--

So I just want to clarify. This notion of a stabilization that you and lovely_rita have brought up. Further the idea which has been brought up about worm boxes being pretty great places for worms to live.



The notion of population stabilization basically means that the birth rate is about the same as the death rate. There could be a very high birth rate, which would require a correspondingly high death rate, or a very low birth rate, corresponding to a very low death rate.



I am wondering if you and lovely_rita (and other who push this kind of idea) believe that as soon as there is some kind of quantity of worms (based on available resources) then the worms stop breeding so that only as the 'happy' worms die of a ripe old age and a life of vigorous eating and pooping, then they breed only to replace those dead ones. This is some kind of fantasy fairy tale.



Yes, the birth rate does go down as resources are consumed (as does with all life), I submit that it is in fact higher than the fairy tale already mentioned. Of course it's not at the other extreme, where the birth rate is as high as it was initially when the first few worms were placed in your wormery. It's somewhere in between, that in between will depend on how aggressive the worms are (which the red wriggler happens to be), how much their birth rate does fall, etc.



Since it is in fact higher than the fairy tale, this means there is stress and competition among the worms in the wormery. I suspect very few will live to that ripe old worm age, so I suspect that the majority of death will be due to not being able to compete with the younger and more aggressive worms. Basically in your artificial environment of no predators, hopefully no disease, climate controlled (if inside, I realize you did state yours was outside), the primary driving force for population control will be each other and food supply. So in effect you're starving the older and weaker ones. I wouldn't be surprised that the lifespan is much less what it would be in the wild due to the setup of the system.



After all you only need them to reach adulthood (which I believe is less than a year) and breed. From your eyes, considering the bodies break down so fast, you only see strong, vigorous, worms, just the kind that will be surviving at any given time.



Quote:
Originally Posted by MrFalafel View Post

Well the wormery we had wasn't secure or locked. It was also kept outside in the garden. It also had a hole in the bottom for drainage so in theory the worms could have escaped if they wanted to. But I guess they preferred the warmth and protection from predators of the wormery and being fed food rather than fending for themselves in the wild. Much like how a housecat lives.



Do you concern yourself or consider the introduction of non-native species? This is a by-product of a global vermiculture where people prefer red wrigglers.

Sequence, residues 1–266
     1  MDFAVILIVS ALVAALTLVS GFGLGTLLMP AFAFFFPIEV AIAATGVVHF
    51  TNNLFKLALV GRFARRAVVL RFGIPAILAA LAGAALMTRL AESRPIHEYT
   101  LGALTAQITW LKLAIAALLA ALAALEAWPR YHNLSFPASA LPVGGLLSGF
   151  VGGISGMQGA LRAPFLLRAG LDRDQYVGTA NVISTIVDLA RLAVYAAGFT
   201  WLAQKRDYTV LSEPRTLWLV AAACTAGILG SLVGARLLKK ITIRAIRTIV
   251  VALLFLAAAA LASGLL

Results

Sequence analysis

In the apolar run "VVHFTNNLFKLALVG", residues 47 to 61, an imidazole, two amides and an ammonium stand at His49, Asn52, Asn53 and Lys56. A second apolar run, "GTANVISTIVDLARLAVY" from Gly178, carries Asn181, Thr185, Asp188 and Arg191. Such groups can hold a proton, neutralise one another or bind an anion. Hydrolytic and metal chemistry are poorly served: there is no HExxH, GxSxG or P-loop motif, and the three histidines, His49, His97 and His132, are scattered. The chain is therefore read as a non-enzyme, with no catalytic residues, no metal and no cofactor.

05-31-2010 09:26 AM
MrFalafel
Quote:
Originally Posted by luvourmother View Post

More avoidance, nice! Is someone using you to eliminate waste and create poop for their own purposes? is your food and resources up to another to provide?



what if someone discovered that vegetarian poop is an excellent source of energy, and people bought, trade and sold vegetarians to keep for their poop, and we were kept in boxes and used to make poop. would u want to live as a vegetarian poop slave?

You are avoiding the simple fact that the worms could have left the wormery if they wanted to. They were not slaves. In fact, they had more freedom than a cat living in an apartment.
05-31-2010 09:22 AM
luvourmother
Quote:
Originally Posted by MrFalafel View Post

I live in a box. My house is very box shaped, actually. Except for the pointy roof. The worms I had lived in a round wormery that had three separate floors or stages. They probably had more scaled square footage than I do. I honestly don't know anything about the breed of worms housed.



More avoidance, nice! Is someone using you to eliminate waste and create poop for their own purposes? is your food and resources up to another to provide?



what if someone discovered that vegetarian poop is an excellent source of energy, and people bought, trade and sold vegetarians to keep for their poop, and we were kept in boxes and used to make poop. would u want to live as a vegetarian poop slave?
05-31-2010 09:16 AM
MrFalafel
Quote:
Originally Posted by Sevenseas View Post

If you didn't acquire that parakeet from a shelter or a place of abuse, then I think it's wrong that you "have" the parakeet, as you probably got the animal from a pet shop or the wild or something.



I see what you are saying. The worms were purchased from worm breeding facility. One could compare that to a chicken breeding or other animal breeding facility. But the difference is worms are not killed like chickens are. Nor are they selectively bred like dog and cat breeders to. They also do not require special subsistence (ie animal food) like dogs and cats do. They are grown and live out their full life cycle doing what they do naturally.
05-31-2010 09:01 AM
Sevenseas
Quote:
Originally Posted by MrFalafel View Post

Now lets say I had a parakeet that I let loose into my backyard. And for some reason it decided to not fly away but to remain in my backyard feeding on the bird feeder. Is this exploitation or abuse?

If you didn't acquire that parakeet from a shelter or a place of abuse, then I think it's wrong that you "have" the parakeet, as you probably got the animal from a pet shop or the wild or something.
05-31-2010 08:59 AM
MrFalafel
Quote:
Originally Posted by Sevenseas View Post

But to me, having a (rescued) cat is okay because someone needs to care for the neglected cats waiting at shelters. I do not think the social practice of having companion animals is a good one. This same kind of reasoning cannot be applied to worms, which are like wild animals in this respect.